Q: You were a police chief before this line of work. How does that experience affect your view of development?
A: I was involved in international issues dealing with public safety, dealing with situations in poor, developing countries, exchanges of training, other opportunities for law-enforcement people in those countries. I believe I have a pretty good handle on what the situations are like in some of these difficult, poor countries, having been there and having interacted with some of their officials.
Q: What perspective does that give you?
A: When I go to these places, I make it an absolute requirement that I meet with not only the political people, but I meet with civil society, businesspeople, human rights people, I meet with police chiefs or police commissioners, I meet with NGOs, people who are receiving services and aid. I meet with media people. I think I do my homework very well.
This interview was published in the May 6, 2013 iPad edition of Maclean’s.
By Aaron Wherry - Thursday, May 2, 2013 at 12:09 PM - 0 Comments
Postmedia hears that as much as $800 million in funding for CIDA might have just lapsed.
But experts and critics charge letting hundreds of millions of aid dollars lapse is indicative of incompetence on Fantino’s part – or an intentional effort to reduce aid spending in the hopes no one would notice.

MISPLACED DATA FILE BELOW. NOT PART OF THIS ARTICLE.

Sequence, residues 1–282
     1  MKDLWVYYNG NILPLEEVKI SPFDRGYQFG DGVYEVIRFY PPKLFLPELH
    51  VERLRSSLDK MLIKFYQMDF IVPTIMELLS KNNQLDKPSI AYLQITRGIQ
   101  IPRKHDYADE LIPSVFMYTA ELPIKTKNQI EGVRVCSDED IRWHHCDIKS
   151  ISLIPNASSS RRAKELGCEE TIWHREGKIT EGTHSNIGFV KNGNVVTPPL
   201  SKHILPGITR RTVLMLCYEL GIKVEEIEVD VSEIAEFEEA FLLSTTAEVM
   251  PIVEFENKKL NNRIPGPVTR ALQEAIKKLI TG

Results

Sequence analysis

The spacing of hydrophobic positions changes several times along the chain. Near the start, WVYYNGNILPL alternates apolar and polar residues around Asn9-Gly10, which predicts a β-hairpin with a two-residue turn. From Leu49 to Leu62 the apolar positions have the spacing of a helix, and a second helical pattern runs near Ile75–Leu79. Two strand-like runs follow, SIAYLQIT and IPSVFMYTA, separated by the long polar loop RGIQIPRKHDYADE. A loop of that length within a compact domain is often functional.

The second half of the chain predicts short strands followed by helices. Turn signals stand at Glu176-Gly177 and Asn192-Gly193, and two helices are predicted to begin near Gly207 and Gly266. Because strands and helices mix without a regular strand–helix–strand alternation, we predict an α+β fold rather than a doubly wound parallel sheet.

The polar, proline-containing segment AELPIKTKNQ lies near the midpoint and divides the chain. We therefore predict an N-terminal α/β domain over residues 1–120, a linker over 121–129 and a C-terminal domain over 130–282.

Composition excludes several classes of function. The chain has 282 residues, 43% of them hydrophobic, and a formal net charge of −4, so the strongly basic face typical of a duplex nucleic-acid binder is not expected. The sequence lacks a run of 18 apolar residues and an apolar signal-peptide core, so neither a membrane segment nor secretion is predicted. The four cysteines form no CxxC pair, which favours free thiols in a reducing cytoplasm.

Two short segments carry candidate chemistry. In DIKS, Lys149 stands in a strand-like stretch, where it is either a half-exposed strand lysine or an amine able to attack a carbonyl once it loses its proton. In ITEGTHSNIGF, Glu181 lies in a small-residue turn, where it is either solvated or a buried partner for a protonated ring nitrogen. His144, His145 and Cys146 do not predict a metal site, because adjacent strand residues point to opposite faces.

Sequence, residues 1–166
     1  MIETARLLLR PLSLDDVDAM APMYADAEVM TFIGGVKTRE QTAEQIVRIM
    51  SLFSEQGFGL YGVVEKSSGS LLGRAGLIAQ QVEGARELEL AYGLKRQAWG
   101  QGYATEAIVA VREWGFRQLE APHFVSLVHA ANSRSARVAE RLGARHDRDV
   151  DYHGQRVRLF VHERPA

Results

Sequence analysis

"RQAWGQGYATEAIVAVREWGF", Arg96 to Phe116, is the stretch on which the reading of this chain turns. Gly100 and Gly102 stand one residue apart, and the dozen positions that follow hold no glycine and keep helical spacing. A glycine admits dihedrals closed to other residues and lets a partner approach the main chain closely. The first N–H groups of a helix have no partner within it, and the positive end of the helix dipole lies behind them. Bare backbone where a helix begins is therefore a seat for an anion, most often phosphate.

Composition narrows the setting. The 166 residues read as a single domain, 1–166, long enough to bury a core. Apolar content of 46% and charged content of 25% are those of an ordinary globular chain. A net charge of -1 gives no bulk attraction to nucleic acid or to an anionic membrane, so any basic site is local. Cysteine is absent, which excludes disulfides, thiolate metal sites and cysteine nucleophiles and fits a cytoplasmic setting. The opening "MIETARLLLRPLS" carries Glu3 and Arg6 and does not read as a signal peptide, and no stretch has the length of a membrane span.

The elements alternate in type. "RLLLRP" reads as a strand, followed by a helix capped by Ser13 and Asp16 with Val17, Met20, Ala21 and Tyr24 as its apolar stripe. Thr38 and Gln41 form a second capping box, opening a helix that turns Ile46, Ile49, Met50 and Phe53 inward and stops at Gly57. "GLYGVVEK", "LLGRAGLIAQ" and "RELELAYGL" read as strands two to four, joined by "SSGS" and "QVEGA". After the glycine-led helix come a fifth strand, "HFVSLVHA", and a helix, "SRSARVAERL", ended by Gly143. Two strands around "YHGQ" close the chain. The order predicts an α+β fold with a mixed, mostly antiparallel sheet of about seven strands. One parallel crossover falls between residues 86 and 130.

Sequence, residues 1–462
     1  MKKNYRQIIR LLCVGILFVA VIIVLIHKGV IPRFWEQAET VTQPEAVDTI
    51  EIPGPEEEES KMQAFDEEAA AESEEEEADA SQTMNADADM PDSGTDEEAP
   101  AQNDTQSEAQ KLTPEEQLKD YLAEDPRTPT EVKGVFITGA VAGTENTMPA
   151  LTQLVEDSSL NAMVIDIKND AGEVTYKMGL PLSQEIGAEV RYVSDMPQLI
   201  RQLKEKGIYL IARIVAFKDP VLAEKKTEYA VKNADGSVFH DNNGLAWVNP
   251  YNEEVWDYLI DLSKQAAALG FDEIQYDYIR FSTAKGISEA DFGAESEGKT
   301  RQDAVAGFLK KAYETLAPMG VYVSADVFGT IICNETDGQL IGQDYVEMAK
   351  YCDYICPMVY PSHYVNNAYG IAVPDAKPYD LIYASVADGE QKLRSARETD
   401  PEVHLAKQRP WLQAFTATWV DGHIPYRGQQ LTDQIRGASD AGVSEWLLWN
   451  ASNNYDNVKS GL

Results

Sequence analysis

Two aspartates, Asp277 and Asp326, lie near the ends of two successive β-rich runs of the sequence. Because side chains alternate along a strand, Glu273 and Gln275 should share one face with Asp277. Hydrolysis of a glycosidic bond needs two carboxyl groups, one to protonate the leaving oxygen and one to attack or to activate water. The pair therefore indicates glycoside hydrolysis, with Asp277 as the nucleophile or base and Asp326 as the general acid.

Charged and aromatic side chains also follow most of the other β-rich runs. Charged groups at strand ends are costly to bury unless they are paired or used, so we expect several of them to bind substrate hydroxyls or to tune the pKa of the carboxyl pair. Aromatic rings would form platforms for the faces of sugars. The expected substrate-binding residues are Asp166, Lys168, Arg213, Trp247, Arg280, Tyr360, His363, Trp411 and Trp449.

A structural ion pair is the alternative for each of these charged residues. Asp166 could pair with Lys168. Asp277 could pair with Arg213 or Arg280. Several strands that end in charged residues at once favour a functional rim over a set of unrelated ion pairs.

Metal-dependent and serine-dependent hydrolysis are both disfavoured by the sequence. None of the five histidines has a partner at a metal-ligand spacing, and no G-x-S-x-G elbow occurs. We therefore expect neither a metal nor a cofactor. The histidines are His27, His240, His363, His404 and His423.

“We don’t find out until almost a year later,” said Canadian Council of International Co-operation president Julia Sanchez. “These are cuts in effect. Massive cuts without any transparency.” “The CIDA minister may spin this as prudent financial management, but the real fact is that the decision to not spend these funds was not debated in Parliament, not reported to Parliament or its budget office, and most obviously not debated publicly,” said Jackson.
Liam Sweet is concerned.
An anonymous former CIDA colleague of mine put it bluntly and suggested that several programs were indeed frozen in the same manner as Haiti, calling the Haiti freeze only the “tip of the iceberg.” Indeed, the official stated that as of early January 2013 Pakistan had been without a country strategy for going on two years, and therefore had seen no new bilateral project approvals in that time. Between January and the end of March, a single new project to support elections in Pakistan was approved – the first in two years. Other countries had been treated similarly. Still, requests for much-needed support – even those in line with CIDA priorities like maternal, newborn, and child health – pile up awaiting ministerial approval. Arguing that this suits the government of the day perfectly as their top priority is deficit reduction rather than aid, my former colleague paints a bleak picture of the priorities of the leadership within Canada’s aid agency. Through even the informal freezing of these programs, CIDA is wilfully under-spending its precious aid budget in some of the most complex and deserving of its recipient partner countries.
See previously: The quiet cuts
By The Associated Press - Monday, April 8, 2013 at 8:34 PM - 0 Comments
OTTAWA – Another document dictating the language of communication from the office of International…
OTTAWA – Another document dictating the language of communication from the office of International Co-operation Minister Julian Fantino has surfaced a day after he denied the existence of any such directives ordering messages be in English only.